Standing on Kōhī Point, high above the ocean at Whakatāne, the onlooker scans an impressive expanse of coastline. Far to the west, at the entrance to Tauranga Harbour, lies Mt Maunganui. Looking north out to sea, Mayor Island is discernible, and closer in, Mōtītī and White (Whakaari) islands. Moutohorā (Whale Island) dominates the foreground. To the east, the spurs of the bush-clad Raukūmara Range drop sharply to the coast.
Several landmarks in Bay of Plenty are known by both their Māori and English names:
Mt Maunganui – Mauao
Mt Edgecumbe – Pūtauaki
Mayor Island – Tūhua
White Island – Whakaari
Whale Island – Moutohorā
More than almost any other New Zealand region, Bay of Plenty is defined by a coastline, rather than an area. The Māori inhabitants, descendants of the people of the Mataatua canoe, identify the boundaries in a saying: ‘Mai Ngā Kurī a Whārei ki Tihirau’ – from the Bowentown Heads to Cape Runaway. For their Pākehā neighbours the line was first the sea and then the railway, but it has since become a highway.
The region is commonly divided into the western Bay, centred on Tauranga, and the eastern Bay, centred on Whakatāne. The regional council's boundaries also include the Rotorua district, which lies within the Volcanic Plateau region.
Bay of Plenty can be subdivided into several zones:
The ancestors of Māori originally voyaged from Eastern Polynesia to the region, and other parts of New Zealand, around 1250–1300 CE. They named the Bay Te Moana a Toi (the sea of Toi). Toi, or Toitetuatahi, was an early explorer to whom Māori throughout the North Island are linked.
Later, Pākehā knew it as the Bay of Plenty. The name was given by Lieutenant James Cook, who circumnavigated New Zealand in the Endeavour in 1769–70. Cook was alluding to the region’s abundant natural resources.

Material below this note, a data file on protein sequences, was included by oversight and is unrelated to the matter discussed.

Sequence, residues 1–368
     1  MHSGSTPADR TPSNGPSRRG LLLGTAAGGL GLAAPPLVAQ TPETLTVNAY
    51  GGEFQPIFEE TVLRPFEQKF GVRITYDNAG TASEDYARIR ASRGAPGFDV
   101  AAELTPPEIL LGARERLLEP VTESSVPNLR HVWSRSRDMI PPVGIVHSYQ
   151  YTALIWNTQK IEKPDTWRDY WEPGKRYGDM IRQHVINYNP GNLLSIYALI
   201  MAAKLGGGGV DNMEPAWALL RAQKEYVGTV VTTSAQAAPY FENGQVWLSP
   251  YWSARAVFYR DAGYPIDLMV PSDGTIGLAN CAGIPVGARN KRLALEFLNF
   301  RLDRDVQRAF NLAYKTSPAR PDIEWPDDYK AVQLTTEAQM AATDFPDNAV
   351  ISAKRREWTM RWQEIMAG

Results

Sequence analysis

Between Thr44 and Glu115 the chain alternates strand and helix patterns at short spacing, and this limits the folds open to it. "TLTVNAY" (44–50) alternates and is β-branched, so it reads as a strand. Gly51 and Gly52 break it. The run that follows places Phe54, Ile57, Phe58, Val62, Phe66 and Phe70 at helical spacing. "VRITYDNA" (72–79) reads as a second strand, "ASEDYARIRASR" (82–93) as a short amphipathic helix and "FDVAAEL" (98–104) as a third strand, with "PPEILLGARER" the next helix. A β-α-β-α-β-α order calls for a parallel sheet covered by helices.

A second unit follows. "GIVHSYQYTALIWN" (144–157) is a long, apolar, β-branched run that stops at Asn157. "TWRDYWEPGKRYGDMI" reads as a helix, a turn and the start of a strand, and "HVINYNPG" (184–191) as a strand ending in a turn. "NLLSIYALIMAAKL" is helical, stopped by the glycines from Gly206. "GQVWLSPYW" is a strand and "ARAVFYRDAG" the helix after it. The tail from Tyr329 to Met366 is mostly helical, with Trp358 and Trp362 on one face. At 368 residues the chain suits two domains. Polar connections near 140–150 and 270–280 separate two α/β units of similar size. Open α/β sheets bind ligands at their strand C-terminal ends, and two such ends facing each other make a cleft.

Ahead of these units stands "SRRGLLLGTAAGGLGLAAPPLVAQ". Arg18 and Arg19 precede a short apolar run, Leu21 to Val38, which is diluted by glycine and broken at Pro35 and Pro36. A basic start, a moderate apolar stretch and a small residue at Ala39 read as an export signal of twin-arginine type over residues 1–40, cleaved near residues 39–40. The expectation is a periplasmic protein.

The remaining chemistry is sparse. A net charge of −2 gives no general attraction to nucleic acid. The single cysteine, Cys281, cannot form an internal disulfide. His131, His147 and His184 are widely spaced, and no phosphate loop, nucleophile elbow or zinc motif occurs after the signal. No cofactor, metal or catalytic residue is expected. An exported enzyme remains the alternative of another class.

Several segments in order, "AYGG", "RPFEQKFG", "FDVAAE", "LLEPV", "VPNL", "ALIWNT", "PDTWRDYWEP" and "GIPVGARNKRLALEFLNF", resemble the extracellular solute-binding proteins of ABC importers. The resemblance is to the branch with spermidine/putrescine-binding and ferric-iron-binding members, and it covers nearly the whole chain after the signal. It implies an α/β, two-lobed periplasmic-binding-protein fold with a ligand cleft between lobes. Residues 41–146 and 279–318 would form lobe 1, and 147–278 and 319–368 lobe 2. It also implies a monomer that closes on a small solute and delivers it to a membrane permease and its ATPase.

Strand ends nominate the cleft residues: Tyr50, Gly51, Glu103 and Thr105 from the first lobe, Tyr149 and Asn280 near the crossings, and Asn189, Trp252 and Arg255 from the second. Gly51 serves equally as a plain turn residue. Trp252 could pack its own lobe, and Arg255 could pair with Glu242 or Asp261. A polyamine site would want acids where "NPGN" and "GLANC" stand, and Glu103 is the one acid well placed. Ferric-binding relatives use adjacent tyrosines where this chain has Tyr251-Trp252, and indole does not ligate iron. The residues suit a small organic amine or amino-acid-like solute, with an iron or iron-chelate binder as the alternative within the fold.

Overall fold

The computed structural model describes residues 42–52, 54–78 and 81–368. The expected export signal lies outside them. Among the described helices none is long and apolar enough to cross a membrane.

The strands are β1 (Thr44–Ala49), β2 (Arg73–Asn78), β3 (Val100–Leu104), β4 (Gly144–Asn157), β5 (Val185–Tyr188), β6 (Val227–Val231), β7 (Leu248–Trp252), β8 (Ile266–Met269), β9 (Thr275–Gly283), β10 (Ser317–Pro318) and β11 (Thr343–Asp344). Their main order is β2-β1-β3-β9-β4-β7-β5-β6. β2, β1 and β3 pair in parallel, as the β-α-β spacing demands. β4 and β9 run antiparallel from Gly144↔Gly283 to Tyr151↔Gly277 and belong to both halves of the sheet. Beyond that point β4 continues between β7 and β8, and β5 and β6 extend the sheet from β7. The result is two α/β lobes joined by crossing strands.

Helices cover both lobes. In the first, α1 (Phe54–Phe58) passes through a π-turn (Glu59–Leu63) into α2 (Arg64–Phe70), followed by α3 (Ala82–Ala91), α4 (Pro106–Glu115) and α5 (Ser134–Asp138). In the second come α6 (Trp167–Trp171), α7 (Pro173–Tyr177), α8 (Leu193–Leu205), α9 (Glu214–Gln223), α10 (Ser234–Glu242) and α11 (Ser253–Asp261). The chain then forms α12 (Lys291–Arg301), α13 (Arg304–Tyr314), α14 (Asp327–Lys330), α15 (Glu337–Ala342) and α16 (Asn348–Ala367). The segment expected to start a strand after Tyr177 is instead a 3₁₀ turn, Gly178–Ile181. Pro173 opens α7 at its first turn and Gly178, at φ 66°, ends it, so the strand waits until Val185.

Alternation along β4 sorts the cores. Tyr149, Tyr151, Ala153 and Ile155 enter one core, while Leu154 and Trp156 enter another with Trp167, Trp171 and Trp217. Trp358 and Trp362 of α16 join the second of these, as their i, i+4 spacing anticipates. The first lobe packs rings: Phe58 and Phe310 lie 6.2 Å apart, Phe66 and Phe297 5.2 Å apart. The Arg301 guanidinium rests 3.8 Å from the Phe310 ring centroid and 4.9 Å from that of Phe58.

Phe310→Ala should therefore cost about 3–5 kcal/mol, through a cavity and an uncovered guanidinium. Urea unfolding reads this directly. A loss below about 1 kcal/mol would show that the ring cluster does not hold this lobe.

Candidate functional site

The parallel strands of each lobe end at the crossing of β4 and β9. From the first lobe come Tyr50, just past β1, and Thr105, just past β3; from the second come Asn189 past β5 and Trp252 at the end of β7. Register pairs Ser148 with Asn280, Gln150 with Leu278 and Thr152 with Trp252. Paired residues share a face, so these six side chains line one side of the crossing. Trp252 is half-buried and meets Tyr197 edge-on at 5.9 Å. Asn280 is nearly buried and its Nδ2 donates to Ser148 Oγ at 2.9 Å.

However, the name seemed over-optimistic in the 150 years after Cook’s voyage. Contact between Māori and Pākehā through missionaries and traders in the early 1800s turned to war in the 1860s. As a result, many tribes were dispossessed of their best land. Pākehā settlers arriving later found it difficult to make a living from a region that proved less productive than hoped.
In the 20th century, the drainage of swamp land, improved communications and the development of forestry helped the region live up to its name. Holidaymakers and retired people flocked to the golden sands along the coast. But the economic advances have not been shared equally. The Bay’s Māori and English names continue to reflect two different worlds.
The sea comes first in the Bay of Plenty. A sweeping curve defines the bay, from Ngā Kurī a Whārei to Tihirau (Bowentown Heads to Cape Runaway). A more generous definition would begin further north at Ahuahu, the largest of the Mercury Islands, off Whitianga.
The volcanic zone extends beyond the coast to the sea floor. The three volcanic islands – Mayor Island (Tūhua), Moutohorā (Whale Island) and Whakaari (White Island) – are prominent reminders of this. Recent work by the National Institute of Water and Atmospheric Research has shown a zone of faultlines through Moutohorā to White Island and beyond.
The coast from Katikati to Ōpape (not far east of Ōpōtiki) is a curve of sandy beach. It includes Matakana Island, but is interrupted by volcanic promontories at Katikati entrance, Tauranga entrance, Maketū and Whakatāne.
Tauranga and Ōhiwa harbours formed when the sea level rose after the last ice age, filling the river valleys. The harbours are very shallow, with large areas of mudflat and stunted mangroves exposed at low tide. The southern limit of mangroves is just south of Ōhiwa Harbour. Ōhiwa Harbour and Maketū, Kaituna and Waihī estuaries are major feeding areas for migratory and local wading birds, including the New Zealand dotterel.
Swamps developed around the Tarawera, Rangitāiki and Whakatāne rivers, and around the lower reaches of the Kaituna and Pōngakawa rivers. For Māori these wetlands provided food – shellfish, fish and birds. But for Europeans they limited both settlement and overland communication.
Most of these swamps were drained in the first half of the 20th century in government-funded projects. Recently there have been initiatives to restore the wetlands, which are important habitats for indigenous plants, birds and animals.
Coastal Bay of Plenty has one of New Zealand’s mildest and sunniest climates. Tauranga's mean annual rainfall is 1,198 millimetres, and it averages 2,260 hours of sunshine.